Historic Morningside church is put up for sale for £750,000

Cluny Centre, Morningside., is up for sale. Picture: Scott Taylor
Cluny Centre, Morningside., is up for sale. Picture: Scott Taylor
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A HISTORIC church built more than 100 years ago by the architect behind the Scottish National Portrait Gallery and McEwan Hall has been put up for sale.

The Grade A-listed Cluny Centre, on Cluny Drive in Morningside, was built in 1890 and is expected to be snapped up for more than £750,000.

Previously South Morningside Church, it was converted into community halls and meeting rooms in 1974 following the union of two neighbouring congregations.

The unique building was used as an overspill annex for South Morningside Primary School until recently and still hosts a variety of exercise, dance and play groups.

But Church of Scotland bosses insisted all those currently using the facility will be able to move to Morningside Parish Church on Braid Road.

And they said cash generated from the sale will be pumped into building an extension to the neighbouring church, with plans already submitted.

Speaking on behalf of the congregation at Morningside Parish Church, minister Rev Dr Derek Browning said: “The sale of the Cluny Centre had been planned for some years, after the local primary school announced it would not be continuing its lease of part of the centre in 2017.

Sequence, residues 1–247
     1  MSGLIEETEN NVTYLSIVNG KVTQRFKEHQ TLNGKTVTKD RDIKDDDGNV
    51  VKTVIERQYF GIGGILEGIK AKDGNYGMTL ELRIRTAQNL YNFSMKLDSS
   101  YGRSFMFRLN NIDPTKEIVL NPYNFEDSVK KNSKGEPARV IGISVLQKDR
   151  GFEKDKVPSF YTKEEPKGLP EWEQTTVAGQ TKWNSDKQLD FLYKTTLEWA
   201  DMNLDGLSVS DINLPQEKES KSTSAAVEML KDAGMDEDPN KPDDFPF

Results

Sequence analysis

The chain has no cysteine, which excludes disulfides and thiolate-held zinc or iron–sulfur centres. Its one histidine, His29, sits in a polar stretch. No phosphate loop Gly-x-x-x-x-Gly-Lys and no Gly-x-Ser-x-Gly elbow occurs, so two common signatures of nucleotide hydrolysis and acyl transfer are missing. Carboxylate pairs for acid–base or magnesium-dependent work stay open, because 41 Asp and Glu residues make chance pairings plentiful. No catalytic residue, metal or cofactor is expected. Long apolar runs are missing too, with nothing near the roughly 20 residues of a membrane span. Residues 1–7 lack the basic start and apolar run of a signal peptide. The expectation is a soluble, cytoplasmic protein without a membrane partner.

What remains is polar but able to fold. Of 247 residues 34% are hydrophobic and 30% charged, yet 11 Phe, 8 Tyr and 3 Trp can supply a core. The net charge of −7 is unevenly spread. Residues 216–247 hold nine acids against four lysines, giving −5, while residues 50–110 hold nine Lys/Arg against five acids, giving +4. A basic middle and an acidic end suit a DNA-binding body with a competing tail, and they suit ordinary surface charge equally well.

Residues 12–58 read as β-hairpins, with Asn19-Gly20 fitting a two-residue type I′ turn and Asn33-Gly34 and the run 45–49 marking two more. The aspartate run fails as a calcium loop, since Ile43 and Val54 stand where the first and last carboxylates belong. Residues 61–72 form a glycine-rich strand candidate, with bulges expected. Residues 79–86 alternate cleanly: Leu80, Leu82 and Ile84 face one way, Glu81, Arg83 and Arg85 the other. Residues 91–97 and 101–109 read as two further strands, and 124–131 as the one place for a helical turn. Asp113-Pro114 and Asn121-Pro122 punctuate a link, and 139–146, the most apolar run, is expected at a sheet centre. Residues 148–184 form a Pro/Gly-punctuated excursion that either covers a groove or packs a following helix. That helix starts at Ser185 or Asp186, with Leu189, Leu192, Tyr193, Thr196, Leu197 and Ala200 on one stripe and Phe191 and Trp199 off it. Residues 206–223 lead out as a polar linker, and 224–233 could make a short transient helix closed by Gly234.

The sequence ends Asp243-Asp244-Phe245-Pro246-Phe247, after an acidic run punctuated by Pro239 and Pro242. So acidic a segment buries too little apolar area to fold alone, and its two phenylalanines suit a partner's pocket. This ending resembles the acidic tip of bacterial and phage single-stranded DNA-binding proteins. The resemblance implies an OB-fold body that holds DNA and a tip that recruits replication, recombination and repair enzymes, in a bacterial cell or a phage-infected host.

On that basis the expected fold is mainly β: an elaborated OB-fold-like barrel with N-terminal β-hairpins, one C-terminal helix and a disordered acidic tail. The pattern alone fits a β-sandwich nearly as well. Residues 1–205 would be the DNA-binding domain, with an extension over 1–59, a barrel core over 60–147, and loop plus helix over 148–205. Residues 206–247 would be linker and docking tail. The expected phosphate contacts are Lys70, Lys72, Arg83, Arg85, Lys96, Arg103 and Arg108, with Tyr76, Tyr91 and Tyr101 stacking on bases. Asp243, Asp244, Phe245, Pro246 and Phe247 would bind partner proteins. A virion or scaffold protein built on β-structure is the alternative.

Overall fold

“The sale of the Cluny Centre will help fund the building of proposed new hall accommodation at the Morningside 
Parish Church site which is already extensively used by church and community organisations and groups.

“The Church is delighted to be able to continue its support of the community, and will be seeking to accommodate groups from the Cluny Centre on the church site on Braid Road.

“The advantage of having the church facilities focused on the one site will prove a significant benefit.”

The Cluny Centre was designed by Sir Robert 
Rowand Anderson, who was also responsible for a number of other prestigious buildings in Scotland including the Scottish National Portrait Gallery, Edinburgh University’s McEwan Hall and Mount Stewart House on the Isle of Bute.

Sir Robert was born in Liberton and later trained in the office of George Gilbert Scott – the architect behind the Gothic St Mary’s Cathedral in the West End and the main building of the University of Glasgow.

Morningside councillor Mark McInnes said he hoped any future use of the Cluny Centre would be “appropriate for the area”.

It is not yet known if any individual or group has expressed an interest in snapping up the property, but it is expected to attract interest from a wide variety of buyers.

Neil McAllister, a partner at Ryden, who are handling the sale, said: “It is very rare to be given the opportunity to market such a prestigious property.

“There are a variety of potential uses the building could be put to and I’m sure it will attract a lot of interest from the market.”